The Wee Fat Lawyer’s Diet Book Part 3

Some hard lessons on calorie counting, plus some tips on goal setting and recording.EPISODE 3

Before You Begin – Why Are You Overweight?

Last week I challenged you to eat normally for three days and to write down everything you consumed. The plan was two fold.  Firstly, to help when it comes to the very important goal setting exercise. Secondly, to discover if I was correct in suggesting that you fool yourself sometimes.

If you didn’t do the homework exercise, it might be worth trying, even though you’ll get hints from the marking of the homework of those who did. While I’ve never worked with my personal trainer Kenny Taylor on this specifically, it’s an exercise he has done with many clients. He tells me that in at least half of the cases he can see at a glance that the recording exercise isn’t being done accurately. As he said to me, I often take one look and think, if that’s all you eat, you wouldn’t be that shape.

Feedback Time

Thanks to those who handed in their homework on time. I’ve been over your work. Interesting. Remember the deal was to record everything.

Ms A. I think you overlooked your coffee intake. 6 cups a day in total. Now with 5 of these you just allow yourself a dash of milk – that’s about 6ml per cup. With full fat milk (64cals per 100 ml) that’s 30cals. Negligible, but you didn’t mention your daily Starbucks tall latte on the way to work. (My spies are everywhere.) An extra 150 cals. And, in spite of your efforts, you still take sugar, 2 tsp per cup (32 cals each).

So your daily coffee regime is adding 372 cals.

Mrs B. You’ve done quite well on the coffee front. Also 6 a day, but black, no sugar. Calorie free. You restrict yourself to one chocolate biscuit a day, a chocolate digestive, say, at 140 cals. You’ve written that down. The trouble is you’ve chosen to disregard the fact that you can’t have a cuppa without something to nibble. Sorry, but you can’t disregard the two Bourbon biscuits (2 x 70) or the three plain digestives (3 x 71).

Your biscuit habit is costing you 493 calories a day.

Ms D You’re a hard working professional with a stressful career. After a tough day you reckon you’ve earned a glass of white wine, and why not? Calories will vary, but My Fitness Pal will estimate a bottle of white wine at 600 cals. Six glasses to the bottle, right? Everybody knows that. So why does a bottle last you only two days? The 100 calories you wrote down are in fact 300. And what about the handful of peanuts? I was watching you, remember. Now you say, well, it was barely an ounce/30 grams. That’s actually 179 cals.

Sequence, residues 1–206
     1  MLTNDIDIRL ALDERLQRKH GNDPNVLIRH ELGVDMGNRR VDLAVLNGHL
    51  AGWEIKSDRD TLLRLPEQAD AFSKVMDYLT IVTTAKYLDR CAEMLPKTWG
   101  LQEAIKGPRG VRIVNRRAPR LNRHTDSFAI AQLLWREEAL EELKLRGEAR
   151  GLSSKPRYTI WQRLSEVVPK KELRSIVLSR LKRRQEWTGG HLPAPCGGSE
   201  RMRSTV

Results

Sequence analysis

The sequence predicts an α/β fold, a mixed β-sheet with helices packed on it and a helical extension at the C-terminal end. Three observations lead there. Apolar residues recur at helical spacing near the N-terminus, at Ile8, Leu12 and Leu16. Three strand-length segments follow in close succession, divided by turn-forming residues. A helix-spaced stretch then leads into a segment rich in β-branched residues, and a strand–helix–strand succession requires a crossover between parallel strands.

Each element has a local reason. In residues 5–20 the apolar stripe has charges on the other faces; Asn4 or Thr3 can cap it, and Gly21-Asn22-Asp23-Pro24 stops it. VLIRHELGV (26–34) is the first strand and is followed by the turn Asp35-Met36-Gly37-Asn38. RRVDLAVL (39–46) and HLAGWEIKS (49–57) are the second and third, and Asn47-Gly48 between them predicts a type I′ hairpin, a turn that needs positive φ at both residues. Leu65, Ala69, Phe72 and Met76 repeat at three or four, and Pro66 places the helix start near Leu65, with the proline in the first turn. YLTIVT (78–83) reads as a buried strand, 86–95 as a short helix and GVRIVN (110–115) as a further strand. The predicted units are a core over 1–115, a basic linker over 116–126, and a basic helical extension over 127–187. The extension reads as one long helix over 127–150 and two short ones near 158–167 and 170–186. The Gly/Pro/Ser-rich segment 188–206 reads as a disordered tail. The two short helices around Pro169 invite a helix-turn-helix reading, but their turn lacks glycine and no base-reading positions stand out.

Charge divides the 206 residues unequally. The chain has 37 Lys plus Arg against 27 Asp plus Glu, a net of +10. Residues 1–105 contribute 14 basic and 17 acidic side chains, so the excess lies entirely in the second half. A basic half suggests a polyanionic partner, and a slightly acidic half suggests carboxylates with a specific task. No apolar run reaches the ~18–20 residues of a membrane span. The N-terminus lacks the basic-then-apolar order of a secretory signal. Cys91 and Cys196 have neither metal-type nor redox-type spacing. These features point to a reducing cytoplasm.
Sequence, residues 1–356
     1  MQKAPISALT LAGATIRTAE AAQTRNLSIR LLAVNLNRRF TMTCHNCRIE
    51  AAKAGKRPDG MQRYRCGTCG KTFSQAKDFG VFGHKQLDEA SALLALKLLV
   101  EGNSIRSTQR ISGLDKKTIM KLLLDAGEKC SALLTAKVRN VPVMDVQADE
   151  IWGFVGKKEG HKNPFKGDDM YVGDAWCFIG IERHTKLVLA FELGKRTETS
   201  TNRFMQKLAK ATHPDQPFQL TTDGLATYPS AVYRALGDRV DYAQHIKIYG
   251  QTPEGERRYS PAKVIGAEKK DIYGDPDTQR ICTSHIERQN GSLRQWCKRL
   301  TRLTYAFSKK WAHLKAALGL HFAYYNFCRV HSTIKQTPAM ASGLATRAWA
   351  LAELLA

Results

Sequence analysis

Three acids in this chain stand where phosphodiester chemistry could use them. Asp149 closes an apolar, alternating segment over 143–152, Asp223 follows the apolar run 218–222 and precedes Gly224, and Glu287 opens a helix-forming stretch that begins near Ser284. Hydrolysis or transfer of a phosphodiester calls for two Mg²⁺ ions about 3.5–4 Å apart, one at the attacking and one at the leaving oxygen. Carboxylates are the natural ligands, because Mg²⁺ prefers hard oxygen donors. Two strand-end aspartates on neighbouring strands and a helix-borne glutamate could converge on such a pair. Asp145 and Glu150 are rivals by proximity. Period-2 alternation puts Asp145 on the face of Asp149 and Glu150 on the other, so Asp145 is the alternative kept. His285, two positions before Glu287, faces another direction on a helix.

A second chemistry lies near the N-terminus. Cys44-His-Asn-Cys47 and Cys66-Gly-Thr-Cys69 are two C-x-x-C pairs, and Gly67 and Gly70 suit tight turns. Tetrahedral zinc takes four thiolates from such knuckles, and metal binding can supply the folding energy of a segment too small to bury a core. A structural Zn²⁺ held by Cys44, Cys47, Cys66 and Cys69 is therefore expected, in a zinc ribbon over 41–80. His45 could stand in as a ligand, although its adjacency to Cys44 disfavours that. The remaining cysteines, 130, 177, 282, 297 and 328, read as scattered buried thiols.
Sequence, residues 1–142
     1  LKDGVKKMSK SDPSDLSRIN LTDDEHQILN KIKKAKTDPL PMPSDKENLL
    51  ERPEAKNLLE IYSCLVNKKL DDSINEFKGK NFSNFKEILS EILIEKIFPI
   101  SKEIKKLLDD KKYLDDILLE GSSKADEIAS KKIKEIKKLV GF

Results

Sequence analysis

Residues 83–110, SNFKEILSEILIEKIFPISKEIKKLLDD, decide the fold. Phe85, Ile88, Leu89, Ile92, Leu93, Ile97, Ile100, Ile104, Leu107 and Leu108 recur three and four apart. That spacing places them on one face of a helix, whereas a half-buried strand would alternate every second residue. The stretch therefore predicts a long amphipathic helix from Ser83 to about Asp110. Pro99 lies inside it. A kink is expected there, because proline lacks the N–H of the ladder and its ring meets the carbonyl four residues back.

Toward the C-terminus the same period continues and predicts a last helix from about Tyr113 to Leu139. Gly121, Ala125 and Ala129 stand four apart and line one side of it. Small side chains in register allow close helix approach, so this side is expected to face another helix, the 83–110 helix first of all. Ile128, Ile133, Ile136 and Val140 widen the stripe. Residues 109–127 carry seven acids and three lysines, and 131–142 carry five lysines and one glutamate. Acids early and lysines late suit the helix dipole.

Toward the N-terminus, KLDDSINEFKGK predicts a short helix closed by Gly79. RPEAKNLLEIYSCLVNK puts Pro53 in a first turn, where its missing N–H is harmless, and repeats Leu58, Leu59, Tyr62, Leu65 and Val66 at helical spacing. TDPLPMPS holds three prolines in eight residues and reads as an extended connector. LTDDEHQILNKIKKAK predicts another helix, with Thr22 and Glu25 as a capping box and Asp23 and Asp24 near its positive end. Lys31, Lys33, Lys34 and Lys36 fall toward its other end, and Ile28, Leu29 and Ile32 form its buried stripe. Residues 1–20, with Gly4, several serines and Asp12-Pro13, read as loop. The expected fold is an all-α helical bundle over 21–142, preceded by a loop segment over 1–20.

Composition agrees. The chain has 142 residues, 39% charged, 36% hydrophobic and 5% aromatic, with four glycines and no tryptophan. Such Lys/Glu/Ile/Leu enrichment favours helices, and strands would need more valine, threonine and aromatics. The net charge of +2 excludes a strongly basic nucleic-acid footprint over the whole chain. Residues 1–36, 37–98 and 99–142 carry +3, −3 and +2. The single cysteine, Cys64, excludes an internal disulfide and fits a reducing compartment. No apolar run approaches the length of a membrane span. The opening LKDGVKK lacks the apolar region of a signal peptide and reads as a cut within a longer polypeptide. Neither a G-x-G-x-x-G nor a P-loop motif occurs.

You underestimated your daily input by at least 379 cals.


Mr J What a smart alec this guy is. I may know him. He had 2 G & Slimline Ts before dinner. A luxury, but he’s being careful with the food. Steak and a green salad. Well, Mr J, full marks for honesty, but not many for accuracy. A pub measure is 25 ml, so you’ve recorded two of these. But did you measure it? Well, at home, who does? I can tell you that your home measurement was equivalent to a pub double, so you missed the mark by 111 cals on the drink alone. But it got worse. You’re not a cook and have no idea of weight. You guessed your steak based on a 150g fillet at 420 cals. The trouble is that you had a ribeye and it was 280g (700 cals). You were proud of having salad instead of chips – but you forgot about the vinaigrette. You like a lot of that – about 2 tbsps I counted. That’s another 128 cals.

So you were doing your best, but in fact you’re the worst offender of all, your daily tally being out by a whopping 519 cals.

Setting Goals

Let’s get to the specifics and set out precisely what you are trying to achieve.

The Ideal Weight Goal?

I’m not certain I know precisely what that is. Some books will give you weight ranges based on elite athletes. Fat lot of good that is for us non-Olympians. You have to choose your own. But how?